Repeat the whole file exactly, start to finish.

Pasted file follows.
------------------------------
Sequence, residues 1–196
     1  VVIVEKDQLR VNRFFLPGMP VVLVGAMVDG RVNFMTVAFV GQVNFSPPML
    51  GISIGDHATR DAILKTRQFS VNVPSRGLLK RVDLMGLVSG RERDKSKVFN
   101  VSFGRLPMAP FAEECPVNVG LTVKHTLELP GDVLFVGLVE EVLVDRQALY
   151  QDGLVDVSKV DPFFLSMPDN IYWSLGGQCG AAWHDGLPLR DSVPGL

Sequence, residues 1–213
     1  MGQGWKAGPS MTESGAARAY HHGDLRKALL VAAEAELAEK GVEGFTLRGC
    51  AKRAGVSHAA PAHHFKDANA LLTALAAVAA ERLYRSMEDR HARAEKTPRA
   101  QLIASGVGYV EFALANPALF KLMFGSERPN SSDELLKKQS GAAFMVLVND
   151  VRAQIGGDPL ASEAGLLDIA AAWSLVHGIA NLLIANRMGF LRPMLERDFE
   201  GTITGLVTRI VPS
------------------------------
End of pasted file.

Sequence, residues 1–196
     1  VVIVEKDQLR VNRFFLPGMP VVLVGAMVDG RVNFMTVAFV GQVNFSPPML
    51  GISIGDHATR DAILKTRQFS VNVPSRGLLK RVDLMGLVSG RERDKSKVFN
   101  VSFGRLPMAP FAEECPVNVG LTVKHTLELP GDVLFVGLVE EVLVDRQALY
   151  QDGLVDVSKV DPFFLSMPDN IYWSLGGQCG AAWHDGLPLR DSVPGL

Sequence, residues 1–213
     1  MGQGWKAGPS MTESGAARAY HHGDLRKALL VAAEAELAEK GVEGFTLRGC
    51  AKRAGVSHAA PAHHFKDANA LLTALAAVAA ERLYRSMEDR HARAEKTPRA
   101  QLIASGVGYV EFALANPALF KLMFGSERPN SSDELLKKQS GAAFMVLVND
   151  VRAQIGGDPL ASEAGLLDIA AAWSLVHGIA NLLIANRMGF LRPMLERDFE
   201  GTITGLVTRI VPS